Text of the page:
Why run a marathon? I have a healthy BMI, I can run three miles without dying, and I can fit into size 6 jeans. Okay, so they’re from the Misses department, but it still counts.  

A year ago, my lifestyle began to change when I found out I could no longer eat gluten. Not only were brezen, bier, and strudel verboten, but I had to say aufwiedersehen to most processed foods as well.

Despite the hardships of reinventing my food life, I began to feel better. I had more energy and actually felt like running. It wasn’t easy at first, especially when dodging manure trucks and enduring severe looks from ancient German farmers, but I kept with it.

Then I made friends with two people, who each happened to be marathon runners. The seed was planted. I wanted to run a marathon—the year I turned forty.

That deadline was a comfortable 4 years away. It occurred to me that my “goal” was just a way of procrastinating. Unless I do this now, my dreams of a truly healthy body will remain that: merely dreams.

But physical goals aside, I want to banish the echoes of childhood that tell me “Good try! But you’re not really good enough.” I don’t want to merely finish a marathon, but I want to run well. I want to learn about nutrition and its connection to my own physical, mental, and spiritual well-being. I want to enter my forties triumphant, not slinking in through the back door.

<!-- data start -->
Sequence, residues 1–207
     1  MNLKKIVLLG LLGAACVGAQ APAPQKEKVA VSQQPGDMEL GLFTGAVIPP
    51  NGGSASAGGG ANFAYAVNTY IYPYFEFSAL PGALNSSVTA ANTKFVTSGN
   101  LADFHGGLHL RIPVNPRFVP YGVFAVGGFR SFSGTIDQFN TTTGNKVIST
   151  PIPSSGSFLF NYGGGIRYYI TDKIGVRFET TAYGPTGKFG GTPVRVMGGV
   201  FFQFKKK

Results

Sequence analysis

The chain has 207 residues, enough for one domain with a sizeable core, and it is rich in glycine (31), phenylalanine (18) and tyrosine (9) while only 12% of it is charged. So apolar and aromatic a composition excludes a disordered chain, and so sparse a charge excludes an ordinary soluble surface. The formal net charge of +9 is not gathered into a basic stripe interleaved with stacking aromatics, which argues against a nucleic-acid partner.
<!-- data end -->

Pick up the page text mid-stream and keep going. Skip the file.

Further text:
Here we go. I registered for the marathon last night. I have twenty weeks in which to train.

 Stats:

Height: 5’9”

Current weight: 162

BMI: 23

Dress size: 8-10, depending on fabric & bulginess factors.

Health & guidance: I have been running fairly consistently for the past 9 months and am using The Complete Book of Running for Women, by Claire Kowalchick, and The Non-Runner’s Marathon Trainer, by Whitsett, Dolgener, and Kole, as my guide books, not to mention countless bits of advice picked up from actual runners.

Goals:

Maintain current height (I think I’ve got that one nailed!).

Achieve a true size 6 (where my jeans don’t leave pink marks on my skin).

Lose inches around the waist and other parts of the vast lower realm.

Build enough upper body strength to do 10 actual push ups (no sissy bent knees, and chest ALL the way to the floor).

Get rid of the muffin top. I don’t need washboard abs…just something less resembling a deflated bicycle tire tube.

Oh yes, let’s not forget: the ability to run 26.2 miles, without hurting myself or others.

Optional goal: My son says I should try to beat one other person in the marathon (basically, to NOT come in dead last).

This marathon is not about completing 26.2 miles. It is about a change in lifestyle that will contribute to a healthy life. And God willing, it will affect the lives of the people who count on me to have good health mentally, physically, and spiritually. Those are the things that matter most, in the long run.

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